Today, as a typical consumer, when I buy a product or service my expectations are high. Get it right, and I will be a brand advocate, but get it wrong and even the smallest hiccup can turn a faultless experience into a disastrous one. It is no longer enough for organizations to target high customer satisfaction, they must provide a complete customer experience that intelligently predicts and then prevents issues occurring in the first place.
Quite the opposite happened to me recently.
When recently travelling back from the USA I realized my booking was incorrect. Instead of arriving at Charles de Gaulle Airport in the north of Paris, I would be landing in Orly Airport in the South.
I quickly contacted the airline at 2:09 AM in Europe via their Messenger service. But my response came at 11:42 AM, by which time I had already purchased another ticket! How can a worldwide service only operate within European business hours for support?
Expectations vs. Reality
The truth is we all expect a good standard of service to be available 24/7 and whether that is enabled by people or technology, we have much greater expectations than before. Subscription-based business models are now normal practice across huge swathes of the economy. From a Netflix subscription to buying a mobile phone, or even a car. The fact is these are no longer quick one-off purchases but ongoing relationships and as such the customer rightly demands more.
More efficient methods of empowering the customer are continuing to be developed and implemented. This is about unifying people, technology and process to deliver smarter and more efficient experiences.
It is vital that beyond basic customer engagement, an efficient Customer Service Management tool is put in place.
Firstly, everything must be customer-centric, this means empowering the customer and focusing on customer experience. It starts by facilitating the way the customer can request a service. It must be omni-channel, from a walk-up facility to a web-based service portal with a live chat.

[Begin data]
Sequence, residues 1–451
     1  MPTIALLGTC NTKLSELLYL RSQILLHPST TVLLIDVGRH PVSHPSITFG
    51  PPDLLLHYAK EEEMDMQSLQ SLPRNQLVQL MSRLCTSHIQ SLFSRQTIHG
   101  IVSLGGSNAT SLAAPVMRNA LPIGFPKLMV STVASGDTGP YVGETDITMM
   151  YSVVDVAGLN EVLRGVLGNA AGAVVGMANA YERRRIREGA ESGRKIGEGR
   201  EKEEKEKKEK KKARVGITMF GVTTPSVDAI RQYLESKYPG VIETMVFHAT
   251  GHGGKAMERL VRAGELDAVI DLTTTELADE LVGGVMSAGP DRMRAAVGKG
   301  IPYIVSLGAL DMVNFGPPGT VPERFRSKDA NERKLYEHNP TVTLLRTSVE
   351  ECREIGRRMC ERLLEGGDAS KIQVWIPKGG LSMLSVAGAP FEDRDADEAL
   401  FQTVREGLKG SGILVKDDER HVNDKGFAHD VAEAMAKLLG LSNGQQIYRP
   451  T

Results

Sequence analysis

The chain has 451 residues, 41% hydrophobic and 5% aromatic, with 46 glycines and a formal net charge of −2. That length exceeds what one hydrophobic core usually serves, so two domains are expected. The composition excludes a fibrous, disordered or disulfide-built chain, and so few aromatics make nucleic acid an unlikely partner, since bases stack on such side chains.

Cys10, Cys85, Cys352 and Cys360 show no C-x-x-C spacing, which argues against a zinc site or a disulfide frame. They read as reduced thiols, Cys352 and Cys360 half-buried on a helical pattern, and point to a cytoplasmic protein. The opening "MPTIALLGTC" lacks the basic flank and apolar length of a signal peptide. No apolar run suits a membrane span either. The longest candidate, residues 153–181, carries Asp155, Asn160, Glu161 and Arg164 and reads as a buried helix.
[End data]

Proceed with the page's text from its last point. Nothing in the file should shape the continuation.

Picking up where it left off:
Messenger, if it has an associated ChatBot, is not necessarily a bad idea. It can provide an instant automation capability to dialog with the customer. Based on AI, the ChatBot can converse with the customer and solve most common issues. A human agent should be there only for escalation, when the AI bot fails to solve a complex issue.
From my point of view, a great Service Portal should clearly present what is possible as well as being personalized to the customer to improve their user experience (UX).
To make the customer self-sufficient and achieve the prime objective to fix the issue at first contact, some features should be implemented such as:
- A knowledge base (KB) to act as a self-service online library
- A community where customers can help each other
- A ChatBot solving issues while allowing smoothly the submission of a case if it fails
Even if I am not fond of this feature, supporting the customer through email can be enough if the customer management tool can identify and solve the issue. With the help of AI technology, automatic suggestions can be provided in near real-time to quicken this process.
Providing a walk-up feature with some queue management can achieve to offer a broad omnichannel customer experience.
What are the benefits of having such a tool?
Customer retention should be a prime objective which can be directly achieved by higher customer satisfaction levels. Whether you are measuring customer satisfaction through CSAT surveys or NPS or Customer Effort Score, it does not really matter as long this is being tracked and helps you improve.
Implementing a Customer Service Management tool allows for the absorption of a high number of requests, issues, and therefore let the business grow without limits on its scalability, which would be the case if the service was solely relying on a customer support team.
By gathering real time customer data, this can be used with some AI analysis to feed into the relevant team on where they can improve the service. In addition to this, ratings on the best knowledge articles will help the customer to become self-sufficient.
Your employees do not want to be dealing with the same requests and complaints repeatedly. By using automation and making your customer self-sufficient, your employee can concentrate on more challenging issues or even change their role within the value chain.
What technology you should be using to implement efficient Customer Service Management?
Clearly, there are many choices on the market, from CRM suite (e.g. Salesforce) to product design (e.g. Jira). However, from personal experience and after many successful implementations, I recommend a ServiceNow Customer Service Management solution, as it is a great way to prioritize functional areas that really matter to you and your customers. This is most often seen where technology remains at the heart of the business. Core features such as SLA, CMDB, AI, Analytics can bring great value to the customer.
In conclusion, a great Customer Service Management tool will also increase customer perception – and perception is always key – this will enable you to provide a world class service.1. Harvard Business Review